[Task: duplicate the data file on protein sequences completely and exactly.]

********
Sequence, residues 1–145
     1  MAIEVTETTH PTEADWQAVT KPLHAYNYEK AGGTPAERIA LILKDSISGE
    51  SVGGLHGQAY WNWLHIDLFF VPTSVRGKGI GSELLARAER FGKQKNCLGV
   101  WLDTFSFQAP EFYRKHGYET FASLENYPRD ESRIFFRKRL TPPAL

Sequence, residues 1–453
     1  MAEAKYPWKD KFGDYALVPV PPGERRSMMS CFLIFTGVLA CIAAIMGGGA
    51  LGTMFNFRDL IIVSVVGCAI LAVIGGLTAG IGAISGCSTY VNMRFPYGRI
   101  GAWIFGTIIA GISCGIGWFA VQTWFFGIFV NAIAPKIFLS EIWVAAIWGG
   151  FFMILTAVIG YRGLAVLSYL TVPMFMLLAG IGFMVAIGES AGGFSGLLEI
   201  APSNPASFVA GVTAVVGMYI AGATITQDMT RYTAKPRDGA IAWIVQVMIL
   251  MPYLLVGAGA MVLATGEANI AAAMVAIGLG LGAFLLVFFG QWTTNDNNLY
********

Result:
Sequence, residues 1–145
     1  MAIEVTETTH PTEADWQAVT KPLHAYNYEK AGGTPAERIA LILKDSISGE
    51  SVGGLHGQAY WNWLHIDLFF VPTSVRGKGI GSELLARAER FGKQKNCLGV
   101  WLDTFSFQAP EFYRKHGYET FASLENYPRD ESRIFFRKRL TPPAL

Sequence, residues 1–453
     1  MAEAKYPWKD KFGDYALVPV PPGERRSMMS CFLIFTGVLA CIAAIMGGGA
    51  LGTMFNFRDL IIVSVVGCAI LAVIGGLTAG IGAISGCSTY VNMRFPYGRI
   101  GAWIFGTIIA GISCGIGWFA VQTWFFGIFV NAIAPKIFLS EIWVAAIWGG
   151  FFMILTAVIG YRGLAVLSYL TVPMFMLLAG IGFMVAIGES AGGFSGLLEI
   201  APSNPASFVA GVTAVVGMYI AGATITQDMT RYTAKPRDGA IAWIVQVMIL
   251  MPYLLVGAGA MVLATGEANI AAAMVAIGLG LGAFLLVFFG QWTTNDNNLY